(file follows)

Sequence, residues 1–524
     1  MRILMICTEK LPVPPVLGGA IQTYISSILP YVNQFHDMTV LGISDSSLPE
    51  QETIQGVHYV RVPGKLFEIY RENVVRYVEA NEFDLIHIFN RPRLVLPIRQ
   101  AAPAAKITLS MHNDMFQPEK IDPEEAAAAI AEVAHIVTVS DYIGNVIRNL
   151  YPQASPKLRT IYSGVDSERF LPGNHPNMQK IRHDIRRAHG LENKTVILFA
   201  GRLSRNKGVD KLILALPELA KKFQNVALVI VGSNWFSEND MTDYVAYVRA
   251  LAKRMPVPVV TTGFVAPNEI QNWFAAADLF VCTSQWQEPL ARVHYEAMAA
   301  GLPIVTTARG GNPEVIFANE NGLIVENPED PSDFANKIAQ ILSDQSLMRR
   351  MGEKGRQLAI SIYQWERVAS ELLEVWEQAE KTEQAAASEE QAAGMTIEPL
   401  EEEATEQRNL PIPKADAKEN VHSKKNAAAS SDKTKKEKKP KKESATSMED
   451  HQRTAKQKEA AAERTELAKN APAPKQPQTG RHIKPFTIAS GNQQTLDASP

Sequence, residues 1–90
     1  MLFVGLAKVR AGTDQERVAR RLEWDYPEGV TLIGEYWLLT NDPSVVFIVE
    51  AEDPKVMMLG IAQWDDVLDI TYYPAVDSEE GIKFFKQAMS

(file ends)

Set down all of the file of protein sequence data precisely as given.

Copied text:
Sequence, residues 1–524
     1  MRILMICTEK LPVPPVLGGA IQTYISSILP YVNQFHDMTV LGISDSSLPE
    51  QETIQGVHYV RVPGKLFEIY RENVVRYVEA NEFDLIHIFN RPRLVLPIRQ
   101  AAPAAKITLS MHNDMFQPEK IDPEEAAAAI AEVAHIVTVS DYIGNVIRNL
   151  YPQASPKLRT IYSGVDSERF LPGNHPNMQK IRHDIRRAHG LENKTVILFA
   201  GRLSRNKGVD KLILALPELA KKFQNVALVI VGSNWFSEND MTDYVAYVRA
   251  LAKRMPVPVV TTGFVAPNEI QNWFAAADLF VCTSQWQEPL ARVHYEAMAA
   301  GLPIVTTARG GNPEVIFANE NGLIVENPED PSDFANKIAQ ILSDQSLMRR
   351  MGEKGRQLAI SIYQWERVAS ELLEVWEQAE KTEQAAASEE QAAGMTIEPL
   401  EEEATEQRNL PIPKADAKEN VHSKKNAAAS SDKTKKEKKP KKESATSMED
   451  HQRTAKQKEA AAERTELAKN APAPKQPQTG RHIKPFTIAS GNQQTLDASP

Sequence, residues 1–90
     1  MLFVGLAKVR AGTDQERVAR RLEWDYPEGV TLIGEYWLLT NDPSVVFIVE
    51  AEDPKVMMLG IAQWDDVLDI TYYPAVDSEE GIKFFKQAMS